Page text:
The container shipping line has launched a climate protective transport option called “Green Shipping”. It is based on biofuel and part of the company’s digital strategy. The product is accessible from anywhere, at any time, and requires no long-term commitment from customers. At the same time, the State of California has passed a regulation requiring train operators to put 2030 or later built locomotives on the tracks with zero-emissions configurations.
Customers can select three options
“Ship Green” is a new option for climate friendly maritime transportation introduced last week by Hapag-Lloyd. The product allows customers to choose between different levels to either totally avoid or at least reduce CO2 emissions when booking goods with Hapag-Lloyd. The scheme’s ranks are 100% 50%, or 25%. The different “Ship Green” offerings can be booked via the Online Business Suite on Hapag-Lloyd’s website.
The product is based on biofuel, thus replacing or lowering the burn of conventional marine fuel oil within the maritime company’s fleet. Hapag-Lloyd management assures that this biofuel stems from 2nd-generation feedstock sourced from certified supply chains and produced from waste material, such as brown grease or used cooking oil. It further stresses that no edible virgin oils are included in the fuel. The avoided emissions are allocated to shipments with the so-called “book and claim” approach, meaning that Hapag-Lloyd can attribute avoided CO2 emissions to all ocean-leg transports regardless of the vessel and route used.
Starting with dry cargo
Though, in its initial phase, “Ship Green” is only available for dry cargo, it will be expanded to other cargo types in the future, the shipping line announces. “At Hapag-Lloyd, we are committed to making it easier for our customers to avoid emissions and contribute to decarbonization. With our new ‘Ship Green’ solution, we are offering our customers an easy and flexible way to reduce their environmental footprint and make their supply chain more sustainable,” says Rolf Habben Jansen, CEO of Hapag-Lloyd. Customers opting for “Ship Green” will be handed an emissions avoidance declaration at the end of each quarter, verifying the total emissions prevented through the product in the given period.
Carbon emissions are becoming increasingly expensive
In the recent past, Hapag-Lloyd successfully tested climate-friendly transportation by means of biofuel supported by selected customers. The outcome of these trials demonstrated the scalability of sustainable transport solutions. Reducing greenhouse gas emissions is also in the interests of customers, as it reduces their carbon footprint. In addition to the benefit for the climate, there will also be a financial incentive. This is because the revised EU Emissions Trading System (ETS), proposes a linear emissions reduction factor from currently 2.2% per year to 4.2% come 2030, compared to 2005 levels, including the maritime sector. This stiffer scheme could become quite expensive for hesitant companies if they do not adapt their business models to the new specifications.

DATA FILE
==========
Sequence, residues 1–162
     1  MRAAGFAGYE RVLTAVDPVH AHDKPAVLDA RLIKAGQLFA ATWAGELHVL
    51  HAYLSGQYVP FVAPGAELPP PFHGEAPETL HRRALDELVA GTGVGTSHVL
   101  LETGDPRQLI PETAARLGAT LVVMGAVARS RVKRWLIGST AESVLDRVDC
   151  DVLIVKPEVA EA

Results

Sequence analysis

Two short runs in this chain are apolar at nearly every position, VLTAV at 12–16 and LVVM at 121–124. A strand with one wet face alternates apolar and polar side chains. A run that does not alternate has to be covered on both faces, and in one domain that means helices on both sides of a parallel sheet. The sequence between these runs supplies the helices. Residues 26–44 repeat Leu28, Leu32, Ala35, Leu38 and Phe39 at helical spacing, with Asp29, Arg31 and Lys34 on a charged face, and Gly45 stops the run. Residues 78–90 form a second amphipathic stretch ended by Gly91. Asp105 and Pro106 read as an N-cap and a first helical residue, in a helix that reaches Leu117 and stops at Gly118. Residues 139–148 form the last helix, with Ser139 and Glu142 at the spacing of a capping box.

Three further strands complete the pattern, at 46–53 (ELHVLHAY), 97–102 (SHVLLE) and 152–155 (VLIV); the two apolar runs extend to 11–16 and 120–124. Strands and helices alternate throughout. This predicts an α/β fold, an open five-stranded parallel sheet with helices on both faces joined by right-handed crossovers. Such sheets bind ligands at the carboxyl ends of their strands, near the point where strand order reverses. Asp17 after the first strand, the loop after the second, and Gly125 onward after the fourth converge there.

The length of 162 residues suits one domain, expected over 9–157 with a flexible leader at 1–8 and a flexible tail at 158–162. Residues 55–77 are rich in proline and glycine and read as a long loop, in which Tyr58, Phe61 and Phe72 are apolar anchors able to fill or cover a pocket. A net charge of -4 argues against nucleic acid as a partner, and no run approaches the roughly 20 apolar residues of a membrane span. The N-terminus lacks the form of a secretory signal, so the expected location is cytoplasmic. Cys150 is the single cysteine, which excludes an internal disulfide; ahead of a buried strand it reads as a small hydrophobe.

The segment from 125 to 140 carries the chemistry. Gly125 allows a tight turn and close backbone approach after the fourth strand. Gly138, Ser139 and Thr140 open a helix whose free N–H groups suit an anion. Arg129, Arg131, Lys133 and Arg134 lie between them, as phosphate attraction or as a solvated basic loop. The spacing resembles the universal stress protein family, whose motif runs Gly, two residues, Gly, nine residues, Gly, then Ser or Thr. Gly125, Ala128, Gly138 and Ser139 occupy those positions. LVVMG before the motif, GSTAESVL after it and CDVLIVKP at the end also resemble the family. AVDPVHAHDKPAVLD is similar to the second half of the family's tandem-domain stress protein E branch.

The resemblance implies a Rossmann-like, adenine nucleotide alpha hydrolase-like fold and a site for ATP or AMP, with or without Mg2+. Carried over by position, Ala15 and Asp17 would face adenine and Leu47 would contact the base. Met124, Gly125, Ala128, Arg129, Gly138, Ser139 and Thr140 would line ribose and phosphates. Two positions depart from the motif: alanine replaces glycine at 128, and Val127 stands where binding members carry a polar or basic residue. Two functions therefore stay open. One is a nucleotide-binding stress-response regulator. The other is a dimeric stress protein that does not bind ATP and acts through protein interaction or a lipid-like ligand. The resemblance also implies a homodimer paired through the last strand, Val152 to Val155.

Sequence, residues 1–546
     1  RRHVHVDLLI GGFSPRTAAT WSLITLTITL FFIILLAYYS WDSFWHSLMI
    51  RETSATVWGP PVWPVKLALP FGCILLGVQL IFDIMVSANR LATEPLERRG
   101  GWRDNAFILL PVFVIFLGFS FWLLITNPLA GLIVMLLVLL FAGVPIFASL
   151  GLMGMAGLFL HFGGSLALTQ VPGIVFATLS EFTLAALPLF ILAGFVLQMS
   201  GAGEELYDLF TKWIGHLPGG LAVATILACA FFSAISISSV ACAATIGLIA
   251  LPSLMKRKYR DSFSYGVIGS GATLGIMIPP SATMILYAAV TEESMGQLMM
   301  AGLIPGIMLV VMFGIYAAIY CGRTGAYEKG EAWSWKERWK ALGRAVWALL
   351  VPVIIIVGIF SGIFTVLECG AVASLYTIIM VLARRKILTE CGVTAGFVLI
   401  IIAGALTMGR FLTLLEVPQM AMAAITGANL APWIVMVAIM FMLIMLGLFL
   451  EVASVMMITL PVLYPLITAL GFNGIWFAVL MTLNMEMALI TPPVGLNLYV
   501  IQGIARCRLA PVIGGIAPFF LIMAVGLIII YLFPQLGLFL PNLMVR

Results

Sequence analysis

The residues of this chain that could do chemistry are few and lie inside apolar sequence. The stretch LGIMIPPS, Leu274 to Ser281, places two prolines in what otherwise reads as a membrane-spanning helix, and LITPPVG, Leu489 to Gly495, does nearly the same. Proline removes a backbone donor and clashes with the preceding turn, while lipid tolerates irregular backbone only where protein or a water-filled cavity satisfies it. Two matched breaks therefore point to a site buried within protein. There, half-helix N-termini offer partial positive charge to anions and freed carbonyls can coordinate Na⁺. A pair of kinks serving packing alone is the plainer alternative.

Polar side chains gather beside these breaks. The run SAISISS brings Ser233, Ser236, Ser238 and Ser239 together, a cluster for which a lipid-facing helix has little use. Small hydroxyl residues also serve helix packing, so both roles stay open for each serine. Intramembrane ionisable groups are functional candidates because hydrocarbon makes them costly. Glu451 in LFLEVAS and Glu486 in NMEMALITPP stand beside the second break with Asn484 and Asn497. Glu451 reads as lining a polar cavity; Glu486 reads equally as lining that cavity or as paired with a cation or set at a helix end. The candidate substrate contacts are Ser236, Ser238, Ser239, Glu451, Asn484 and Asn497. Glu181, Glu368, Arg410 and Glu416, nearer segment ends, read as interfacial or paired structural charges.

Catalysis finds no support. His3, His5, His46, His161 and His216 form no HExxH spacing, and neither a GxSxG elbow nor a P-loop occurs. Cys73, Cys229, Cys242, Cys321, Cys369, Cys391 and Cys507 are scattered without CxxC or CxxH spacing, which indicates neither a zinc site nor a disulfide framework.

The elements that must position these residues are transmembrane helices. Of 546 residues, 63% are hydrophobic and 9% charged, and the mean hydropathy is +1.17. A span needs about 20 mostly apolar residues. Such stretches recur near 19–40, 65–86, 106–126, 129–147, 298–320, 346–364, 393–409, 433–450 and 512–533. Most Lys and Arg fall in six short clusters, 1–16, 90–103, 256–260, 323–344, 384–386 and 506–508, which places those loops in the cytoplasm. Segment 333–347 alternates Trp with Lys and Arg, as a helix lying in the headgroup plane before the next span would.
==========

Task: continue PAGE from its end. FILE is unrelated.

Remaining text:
Net zero locomotives
Over in California, the Air Resources Board (CARB) of the U.S. State accorded a bill to move away from diesel locomotives toward “zero-emission configurations”. The new rules have two notable deadlines: Cargo and passenger locomotives built in 2030 or after, will need to operate these eco-friendly configurations within California, while locomotives built in 2035 for freight linehaul operations over longer distances, will need to comply with the zero-emissions configurations beginning then. “Locomotives are a key part of California’s transportation network, and it’s time that they are part of the solution to tackle pollution and clean our air,” CARB Chair, Liane Randolph said in a press release.
She went on to say: “With the new regulation, we are moving toward a future where all transportation operations in the state will be zero emissions.”
However, the freight rail industry remains skeptical and points at unresolved issues which would make compliance with the new rules challenging: “Neither the technology nor the infrastructure is ready for this rule,” reads a statement.
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